U.S – In an extensive examination of the U.S. food supply, the Food and Drug Administration (FDA) has disclosed findings regarding the prevalence of per- and polyfluoroalkyl substances (PFAS).

Their recently published results, stemming from the Total Diet Study (TDS), indicate that PFAS were undetectable in over 97 percent of tested samples.

FDA’s updated analytical method, now encompassing 30 PFAS analytes, marks a stride in monitoring food and extends to include animal feed samples. This method amplifies their ability to scrutinize a broader spectrum of food items for potential PFAS contamination.

Since 2019, the FDA has examined nearly 1,300 samples, demonstrating a commitment to assessing dietary exposure to PFAS. The agency shares findings with the public, fostering trust and transparency in their evaluation process.

In their recent revelation, the FDA disclosed PFAS detection in merely eight out of 95 samples from a regional TDS collection.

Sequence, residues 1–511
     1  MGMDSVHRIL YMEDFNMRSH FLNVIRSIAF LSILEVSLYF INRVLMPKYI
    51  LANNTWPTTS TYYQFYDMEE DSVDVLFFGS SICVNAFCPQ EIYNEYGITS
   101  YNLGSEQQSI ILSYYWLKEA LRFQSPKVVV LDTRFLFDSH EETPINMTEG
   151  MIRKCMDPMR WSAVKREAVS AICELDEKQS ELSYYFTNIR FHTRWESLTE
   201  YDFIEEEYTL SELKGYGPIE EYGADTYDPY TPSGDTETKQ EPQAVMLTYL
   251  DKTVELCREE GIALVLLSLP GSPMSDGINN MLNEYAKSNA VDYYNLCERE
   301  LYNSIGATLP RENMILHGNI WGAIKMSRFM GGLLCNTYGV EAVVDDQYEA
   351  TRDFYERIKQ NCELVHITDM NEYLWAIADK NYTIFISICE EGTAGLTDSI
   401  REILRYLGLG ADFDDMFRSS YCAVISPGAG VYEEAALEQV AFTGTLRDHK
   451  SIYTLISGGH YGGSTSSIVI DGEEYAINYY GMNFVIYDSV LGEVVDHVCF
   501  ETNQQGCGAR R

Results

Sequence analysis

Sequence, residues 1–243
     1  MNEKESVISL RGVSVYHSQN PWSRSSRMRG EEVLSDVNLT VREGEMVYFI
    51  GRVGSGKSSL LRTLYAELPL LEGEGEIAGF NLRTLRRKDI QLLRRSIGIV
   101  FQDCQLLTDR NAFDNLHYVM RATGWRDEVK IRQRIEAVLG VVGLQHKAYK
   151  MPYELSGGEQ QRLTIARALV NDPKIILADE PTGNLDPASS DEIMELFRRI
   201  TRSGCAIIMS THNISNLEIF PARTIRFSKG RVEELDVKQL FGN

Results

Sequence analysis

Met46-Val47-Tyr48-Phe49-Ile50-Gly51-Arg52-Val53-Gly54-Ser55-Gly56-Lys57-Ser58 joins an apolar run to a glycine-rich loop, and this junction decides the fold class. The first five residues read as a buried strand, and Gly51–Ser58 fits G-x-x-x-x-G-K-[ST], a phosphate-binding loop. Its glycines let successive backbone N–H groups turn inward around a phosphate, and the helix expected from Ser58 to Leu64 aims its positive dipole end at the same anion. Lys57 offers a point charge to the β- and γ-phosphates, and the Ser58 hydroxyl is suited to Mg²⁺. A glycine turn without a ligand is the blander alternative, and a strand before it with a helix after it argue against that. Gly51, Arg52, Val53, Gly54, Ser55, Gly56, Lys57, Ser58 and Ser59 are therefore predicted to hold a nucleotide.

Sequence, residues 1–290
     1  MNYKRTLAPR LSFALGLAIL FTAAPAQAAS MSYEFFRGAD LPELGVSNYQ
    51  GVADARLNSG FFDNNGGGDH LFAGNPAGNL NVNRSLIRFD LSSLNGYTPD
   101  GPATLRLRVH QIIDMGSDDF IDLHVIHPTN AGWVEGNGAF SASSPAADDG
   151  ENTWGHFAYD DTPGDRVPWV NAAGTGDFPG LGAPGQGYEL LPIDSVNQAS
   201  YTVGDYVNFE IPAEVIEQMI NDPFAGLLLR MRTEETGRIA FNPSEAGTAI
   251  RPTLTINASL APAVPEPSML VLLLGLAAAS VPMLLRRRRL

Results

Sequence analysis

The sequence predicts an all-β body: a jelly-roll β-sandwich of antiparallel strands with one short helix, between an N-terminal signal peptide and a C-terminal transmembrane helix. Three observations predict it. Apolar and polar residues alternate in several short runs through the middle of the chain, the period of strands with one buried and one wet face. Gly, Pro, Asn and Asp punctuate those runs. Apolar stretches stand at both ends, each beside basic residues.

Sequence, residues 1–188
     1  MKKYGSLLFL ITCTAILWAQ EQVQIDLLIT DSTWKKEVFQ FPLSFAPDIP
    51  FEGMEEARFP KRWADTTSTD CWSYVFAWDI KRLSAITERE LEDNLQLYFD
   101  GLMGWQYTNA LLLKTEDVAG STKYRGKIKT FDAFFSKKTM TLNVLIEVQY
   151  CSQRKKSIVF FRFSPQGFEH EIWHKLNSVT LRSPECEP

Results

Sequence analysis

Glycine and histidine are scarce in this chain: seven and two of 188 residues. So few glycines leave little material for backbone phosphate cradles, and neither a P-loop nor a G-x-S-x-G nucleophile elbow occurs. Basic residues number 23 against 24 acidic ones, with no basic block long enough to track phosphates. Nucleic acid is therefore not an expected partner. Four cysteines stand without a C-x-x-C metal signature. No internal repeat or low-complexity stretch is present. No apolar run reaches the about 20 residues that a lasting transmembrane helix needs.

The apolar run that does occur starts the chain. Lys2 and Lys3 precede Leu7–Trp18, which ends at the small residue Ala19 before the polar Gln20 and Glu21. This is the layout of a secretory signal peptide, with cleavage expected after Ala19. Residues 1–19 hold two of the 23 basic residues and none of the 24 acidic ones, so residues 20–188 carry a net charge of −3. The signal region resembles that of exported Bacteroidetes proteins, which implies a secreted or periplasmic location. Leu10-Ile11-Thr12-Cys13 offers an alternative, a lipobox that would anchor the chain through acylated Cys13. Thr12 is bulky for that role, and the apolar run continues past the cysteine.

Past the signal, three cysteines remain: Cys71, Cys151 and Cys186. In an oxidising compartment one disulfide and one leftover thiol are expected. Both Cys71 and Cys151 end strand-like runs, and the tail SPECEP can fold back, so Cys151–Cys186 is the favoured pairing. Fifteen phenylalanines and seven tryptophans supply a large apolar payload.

Notably, these findings were predominantly confined to select meat and seafood samples, with levels deemed non-threatening to public health, particularly among young children and the general populace, based on thorough toxicological evaluations.

FDA pledges to expand sampling efforts, aiming to provide a more comprehensive understanding of PFAS exposure from various food sources.

To reduce dietary exposure to PFAS from food packaging, the regulator banned the sale of grease-proofing materials containing PFAS in food packaging within the United States in March.

This move directly addresses concerns regarding major sources of dietary PFAS exposure, including fast-food wrappers, microwave popcorn bags, take-out paperboard containers, and pet food bags.

In addition, a team of scientists from the New Jersey Institute of Technology (NJIT) recently developed a revolutionary method for detecting PFAS in mere minutes.

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